Startup veteran Matthew Marcus is trying to solve a problem that frustrates nearly every voter.
A few years ago Matthew Marcus, the current Executive Director for the Kansas City Startup Foundation, went to vote in a local election.
“Once again I entered the voting booth uneducated and uninformed about who the heck to vote for,” said Marcus. “I left the voting booth frustrated because I was just picking random names of people I didn’t know anything about.”
Marcus wondered how many people felt the same way.
“I wished there was a button you could push that would show a 60-second video from the candidate saying, ‘Hey, here’s why you should pick me!'” said Marcus.
He wrote the idea down in his notebook and set it aside for a while. In May of 2015 at his first Startup Weekend at Think Big in Kansas City, Marcus decided to develop the idea further into what is now 1 Minute Candidate.
“We pitched it on Sunday and ended up winning Startup Weekend,” said Marcus.
A month later Kansas City, Missouri, held its general election.
“We got 16 of the 24 candidates on our platform,” said Marcus. “Six of the 13 offices were won by the candidate who had a one minute video and their opponent didn’t.”
How 1 Minute Candidate works
1 Minute Candidate is an online platform where candidates create a one minute video according to some simple guidelines.
“Essentially just say what you want–authentically, transparently, honestly–why you’re the right person for the job,” said Marcus
The video is placed on a 1 Minute Candidate profile page, which includes links to social channels and other basic information about the candidate. The profiles can also include issue-specific videos from the candidate as well.
Solving the chicken-and-egg problem
Marcus is building on the lessons he learned from his previous startup Local Ruckus, which brought together businesses and event seekers. Any platform that seeks to bring two different groups together to interact has a chicken-and-egg problem. Candidates won’t participate if voters aren’t there. Voters won’t participate if candidates aren’t there.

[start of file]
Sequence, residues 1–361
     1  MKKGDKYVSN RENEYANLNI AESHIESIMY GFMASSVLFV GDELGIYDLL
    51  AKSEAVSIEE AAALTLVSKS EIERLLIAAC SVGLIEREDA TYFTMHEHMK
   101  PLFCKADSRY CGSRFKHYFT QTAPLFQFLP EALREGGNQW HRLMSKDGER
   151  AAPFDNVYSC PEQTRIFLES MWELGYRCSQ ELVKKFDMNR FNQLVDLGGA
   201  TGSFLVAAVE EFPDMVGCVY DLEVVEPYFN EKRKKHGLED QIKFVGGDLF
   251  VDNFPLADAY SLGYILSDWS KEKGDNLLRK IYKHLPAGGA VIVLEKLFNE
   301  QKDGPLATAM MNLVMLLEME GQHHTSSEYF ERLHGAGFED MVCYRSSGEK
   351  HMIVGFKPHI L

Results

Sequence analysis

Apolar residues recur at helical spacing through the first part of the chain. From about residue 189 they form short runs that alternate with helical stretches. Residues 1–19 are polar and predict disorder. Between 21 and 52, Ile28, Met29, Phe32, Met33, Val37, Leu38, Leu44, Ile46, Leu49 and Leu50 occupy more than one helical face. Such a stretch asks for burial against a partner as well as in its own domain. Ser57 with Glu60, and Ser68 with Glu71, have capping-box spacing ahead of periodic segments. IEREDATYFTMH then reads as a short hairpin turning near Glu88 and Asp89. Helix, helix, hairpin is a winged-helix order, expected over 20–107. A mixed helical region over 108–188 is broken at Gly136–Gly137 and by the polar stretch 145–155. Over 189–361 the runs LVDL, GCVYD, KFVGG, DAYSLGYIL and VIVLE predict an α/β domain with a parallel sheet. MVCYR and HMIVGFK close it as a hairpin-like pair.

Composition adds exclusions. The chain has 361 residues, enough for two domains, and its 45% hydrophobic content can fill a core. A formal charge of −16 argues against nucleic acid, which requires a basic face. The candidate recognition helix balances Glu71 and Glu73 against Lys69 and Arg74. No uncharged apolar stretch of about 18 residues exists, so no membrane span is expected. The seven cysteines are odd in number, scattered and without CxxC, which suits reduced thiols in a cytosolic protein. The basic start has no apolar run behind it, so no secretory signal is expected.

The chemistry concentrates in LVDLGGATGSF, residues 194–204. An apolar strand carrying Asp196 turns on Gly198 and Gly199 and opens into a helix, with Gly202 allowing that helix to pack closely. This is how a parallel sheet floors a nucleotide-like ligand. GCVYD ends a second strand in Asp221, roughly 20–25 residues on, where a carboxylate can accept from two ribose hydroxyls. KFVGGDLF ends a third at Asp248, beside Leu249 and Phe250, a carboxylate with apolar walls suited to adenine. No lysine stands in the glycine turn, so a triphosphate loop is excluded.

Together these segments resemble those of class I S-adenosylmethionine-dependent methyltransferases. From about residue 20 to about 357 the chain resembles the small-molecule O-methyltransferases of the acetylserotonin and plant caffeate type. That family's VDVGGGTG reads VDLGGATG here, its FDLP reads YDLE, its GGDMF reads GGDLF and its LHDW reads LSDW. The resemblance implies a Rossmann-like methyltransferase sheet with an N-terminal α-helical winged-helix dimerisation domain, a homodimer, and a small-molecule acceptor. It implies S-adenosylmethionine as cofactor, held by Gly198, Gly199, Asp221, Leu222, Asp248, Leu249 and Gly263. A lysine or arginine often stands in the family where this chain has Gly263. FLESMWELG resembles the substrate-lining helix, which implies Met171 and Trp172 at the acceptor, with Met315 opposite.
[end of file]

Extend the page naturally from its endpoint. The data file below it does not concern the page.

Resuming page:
The solution was to make 1 Minute Candidate into an advertising engine for candidates that would push their 60-second video out to a variety of digital advertising channels, targeting voters that the candidates would like to reach.
“It allows us to hyper target voters on a number of variables and then show them video ads on literally millions of different platforms. If the voter likes what they see, they can click and it will drive traffic to that 1 Minute Candidate profile page.”
For local and state campaign teams, 1 Minute Candidate essentially provides an easy way to get into video advertising without having to do it in house.
Ahead of the curve
Since 2015 1 Minute Candidate has tested out its platform in four other elections in places like in Indianapolis, Philadelphia and Nashville.
“It’s been a tough sell, not going to lie,” said Marcus. “I’ve even had candidates tell me, ‘My constituents aren’t on the internet.’ They want to spend money on yard signs, mailers, phone calls.”
Although Marcus is confident that the future of campaigns will be online video, it may come down to a question of timing.
“I’ve done enough research. I know where this is going,” said Marcus. “Eventually these candidates will realize these expensive television ads aren’t being seen by anyone anymore.”
This year the platform is open for this election for any candidate that wants to participate. They are also looking for voters to take their voter survey.
For now the company is staying lean, bootstrapped and continuing to test and learn from each experience. But what continues to motivate Marcus is a passion to solve the dysfunction in our democratic system.
“The real goal of 1 Minute Candidate is to return genuineness and authenticity to the electoral process,” said Marcus.
With his previous work as co-founder of Kula Causes, Local Ruckus and now 1 Minute Candidate, it’s clear that making a difference in communities is primary inspiration for Marcus.
“Any startup I’m apart of has to have a social good,” said Marcus. “I’m not out to make a whole bunch of money for no reason.”
Ryan Pendell is the Managing Editor of Silicon Prairie News.
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